Meeting Persephone

I have known Persephone for six years now. She has embarrassed me, challenged me, and right now, she’s somehow made me into a theatre producer. When we met, I was 26 years old, single and working nights at a cable news network in New York. We’ve come a long way. I’ve switched careers a few times, moved to Miami, Florida, and gotten married. I’m not sure what’s next, but between her over-protective mother and creepy Underworld husband, I know Persephone needs a few nights out in New York. This time around, she’s getting six. SIX SEEDS: The Persephone Project will tell Persephone’s story for six performances between June 2nd-11th. And somehow, I’m involved.

In 2005, I was invited by a friend to participate in a writing workshop to “explore” the myth of Persephone. Annie G. Levy, a director and theater-maker, and a friend of a friend, wanted to create a theater piece about Persephone. It had fascinated her since childhood. She planned to investigate if or how the story of the kidnapping of this ancient goddess impacted other people.

Annie gathered eight women, all in their mid-20s to, as she says, “unpack” the Persephone myth. I didn’t have much baggage. Somehow Demeter and Persephone slipped through the cracks of my education. What else had I missed growing up in a house without a copy of D’aulaire’s Book of Greek Myths? I didn’t even know how to pronounce this girl’s name. Per-sef-anie?

I was the only non-actor in the group. We met in rehearsal spaces, which are often near-empty rooms in strange office buildings where actors and dancers gather to work. Like motels in certain parts of town, they rent rooms by the hour. Each week, Annie had a structured curriculum with activities and exercises. We sat in circles or in pairs, back to back.

I was an English major in college, so sitting around and making stuff up about the feelings and motivations of imaginary characters was not unknown. I just hadn’t done anything like that in years. I was working for MSNBC then. I spent much of my time in windowless rooms watching video feeds overflowing with explosions, perp walks and sobbing people, looking for those few seconds that capture the most dramatic and emotional core of the visual story. The money shot. I had a television on my desk and televisions hung from the ceiling above me in front of a wall of more televisions. Even when I went home at night, I read about war, politics, murder trials, and missing kids.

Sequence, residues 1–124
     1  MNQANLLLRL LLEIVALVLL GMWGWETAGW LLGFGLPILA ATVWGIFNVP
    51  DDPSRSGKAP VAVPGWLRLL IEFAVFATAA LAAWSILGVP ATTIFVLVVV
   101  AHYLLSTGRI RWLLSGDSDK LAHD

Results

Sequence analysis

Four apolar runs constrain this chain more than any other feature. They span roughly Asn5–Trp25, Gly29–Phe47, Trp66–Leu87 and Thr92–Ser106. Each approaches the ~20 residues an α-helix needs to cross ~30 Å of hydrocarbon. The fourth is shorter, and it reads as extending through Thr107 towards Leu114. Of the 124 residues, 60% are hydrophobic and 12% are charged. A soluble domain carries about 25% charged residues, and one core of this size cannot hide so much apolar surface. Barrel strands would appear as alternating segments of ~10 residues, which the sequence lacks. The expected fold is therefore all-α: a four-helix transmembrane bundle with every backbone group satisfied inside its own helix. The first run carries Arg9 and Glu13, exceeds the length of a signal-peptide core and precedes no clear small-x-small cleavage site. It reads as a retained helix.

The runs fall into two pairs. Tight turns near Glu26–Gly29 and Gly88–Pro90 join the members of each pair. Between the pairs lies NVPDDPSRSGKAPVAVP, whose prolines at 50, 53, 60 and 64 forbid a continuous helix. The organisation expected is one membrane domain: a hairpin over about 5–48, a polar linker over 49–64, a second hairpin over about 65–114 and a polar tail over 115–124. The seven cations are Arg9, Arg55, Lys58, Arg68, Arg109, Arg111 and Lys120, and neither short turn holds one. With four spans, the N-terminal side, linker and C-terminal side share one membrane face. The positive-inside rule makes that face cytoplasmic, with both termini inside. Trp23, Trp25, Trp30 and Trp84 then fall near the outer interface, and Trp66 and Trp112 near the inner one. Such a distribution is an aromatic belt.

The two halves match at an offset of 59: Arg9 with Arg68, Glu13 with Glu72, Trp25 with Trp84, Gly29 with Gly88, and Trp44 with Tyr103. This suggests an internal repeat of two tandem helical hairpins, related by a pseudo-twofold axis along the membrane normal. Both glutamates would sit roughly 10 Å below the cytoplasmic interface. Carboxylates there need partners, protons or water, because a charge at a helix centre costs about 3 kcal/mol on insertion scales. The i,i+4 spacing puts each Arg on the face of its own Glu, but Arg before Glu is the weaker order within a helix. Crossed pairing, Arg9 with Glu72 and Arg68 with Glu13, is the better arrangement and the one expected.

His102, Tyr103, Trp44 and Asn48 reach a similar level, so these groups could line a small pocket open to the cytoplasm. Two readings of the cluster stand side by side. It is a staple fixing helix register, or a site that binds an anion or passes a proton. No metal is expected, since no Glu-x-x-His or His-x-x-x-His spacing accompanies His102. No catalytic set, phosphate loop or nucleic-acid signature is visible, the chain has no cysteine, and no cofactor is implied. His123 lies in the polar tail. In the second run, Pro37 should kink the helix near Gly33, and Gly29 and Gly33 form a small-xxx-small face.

Her story is chilling. But also exciting. It is the story of a beautiful, privileged young girl who is snatched by Hades, god of the Underworld. Her protective and stubborn mother, Demeter, goddess of harvests, fights long and hard to bring her back: refusing to let anything grow, causing cold, famine and misery. Finally, Persephone’s father, Zeus, commands Hades to return the girl to her mother, but there’s one catch. Persephone has eaten the forbidden food of the Underworld”¦ six seeds of a pomegranate. Demeter’s compromise is a shared custody agreement, of sorts, where Persephone spends part of the year on Earth with her mother and part of the year in the Underworld with her now husband, Hades, beginning a seasonal cycle of blooming growth and decay. During our sessions we read many translations and adaptations of various ancient texts. There’s the version where Persephone is raped, the version where she is a snake, the version where she loves her husband and chooses her own destiny.